The former Scottish editor of Penguin books is to open her own literary agency in Scotland.

In January Penguin closed its office in Scotland, ending four years of fruitful work for Judy Moir, who found and nurtured many writers north of the border for the London-based publisher.

In her time with Penguin, Ms Moir helped publish James Robertson's The Testament of Gideon Mack, which was shortlisted for the Commonwealth Prize, two Scottish awards and was longlisted for the Booker Prize, as well as being selected for the Richard and Judy Bookclub in 2006.

She also worked on the critically successful Scotland: The Autobiography by Rosemary Goring, the literary editor of The Herald.

Now Ms Moir has formed her own literary agency based in Edinburgh, and will focus on finding and developing Scottish writing talent.

She said: "I'm very excited about this new chapter in my publishing career - it has always been an immense honour to work closely with authors and to champion their writing, and being an agent allows me the greatest freedom to do so."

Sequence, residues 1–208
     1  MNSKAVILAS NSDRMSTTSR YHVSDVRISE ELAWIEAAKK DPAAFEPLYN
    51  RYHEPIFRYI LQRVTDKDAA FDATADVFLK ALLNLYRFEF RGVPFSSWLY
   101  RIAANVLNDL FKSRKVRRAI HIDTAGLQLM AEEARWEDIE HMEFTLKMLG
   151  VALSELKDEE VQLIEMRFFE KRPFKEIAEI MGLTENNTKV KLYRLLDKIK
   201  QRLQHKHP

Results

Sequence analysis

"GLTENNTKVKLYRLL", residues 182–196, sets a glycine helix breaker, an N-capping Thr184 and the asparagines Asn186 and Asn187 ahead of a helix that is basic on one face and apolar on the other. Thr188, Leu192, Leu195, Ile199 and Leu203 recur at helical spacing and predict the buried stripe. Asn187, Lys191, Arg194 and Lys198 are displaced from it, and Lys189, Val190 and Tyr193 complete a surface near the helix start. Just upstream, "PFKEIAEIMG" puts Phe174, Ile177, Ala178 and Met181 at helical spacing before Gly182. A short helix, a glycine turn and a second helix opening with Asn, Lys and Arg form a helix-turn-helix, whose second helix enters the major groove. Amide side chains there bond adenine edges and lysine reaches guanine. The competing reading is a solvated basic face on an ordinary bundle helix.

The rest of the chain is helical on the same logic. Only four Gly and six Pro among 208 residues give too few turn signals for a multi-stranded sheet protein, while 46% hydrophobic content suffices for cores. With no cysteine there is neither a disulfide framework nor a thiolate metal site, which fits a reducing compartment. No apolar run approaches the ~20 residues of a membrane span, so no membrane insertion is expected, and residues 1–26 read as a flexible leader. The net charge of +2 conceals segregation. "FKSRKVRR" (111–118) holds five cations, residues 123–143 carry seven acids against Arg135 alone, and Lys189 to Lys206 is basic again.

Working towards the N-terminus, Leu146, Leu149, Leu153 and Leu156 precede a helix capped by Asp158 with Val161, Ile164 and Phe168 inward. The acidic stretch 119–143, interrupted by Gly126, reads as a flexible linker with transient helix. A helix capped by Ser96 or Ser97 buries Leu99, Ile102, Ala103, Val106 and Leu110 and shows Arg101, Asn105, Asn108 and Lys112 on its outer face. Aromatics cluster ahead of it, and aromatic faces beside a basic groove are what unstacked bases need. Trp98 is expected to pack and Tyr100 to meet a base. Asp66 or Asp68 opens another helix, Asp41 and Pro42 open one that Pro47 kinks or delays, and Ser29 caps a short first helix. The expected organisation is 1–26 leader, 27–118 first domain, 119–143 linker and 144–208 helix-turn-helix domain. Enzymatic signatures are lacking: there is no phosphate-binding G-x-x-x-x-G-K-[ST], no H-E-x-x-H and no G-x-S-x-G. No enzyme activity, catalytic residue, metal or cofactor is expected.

Ms Moir has worked in publishing since 1981.

For many years she was at Canongate, the leading publishers, initially as editorial and rights manager and latterly as editorial director.

She is known for discovering and nurturing the careers of many Scottish authors, including Michel Faber, Kevin MacNeil, Louise Welsh and James Robertson.

She was director of the Scottish Publishers' Association in the 1980s and lectured in publishing at Napier University in the early 1990s.

Television and film rights for writers will be handled by the London Agency, Capel & Land, and all other rights will be organised from Edinburgh.

Writer James Robertson said: "As someone with a vast experience of the book trade, in Scotland and further afield, she will make a superb agent, and her many skills and qualities will be indispensable to the authors she represents."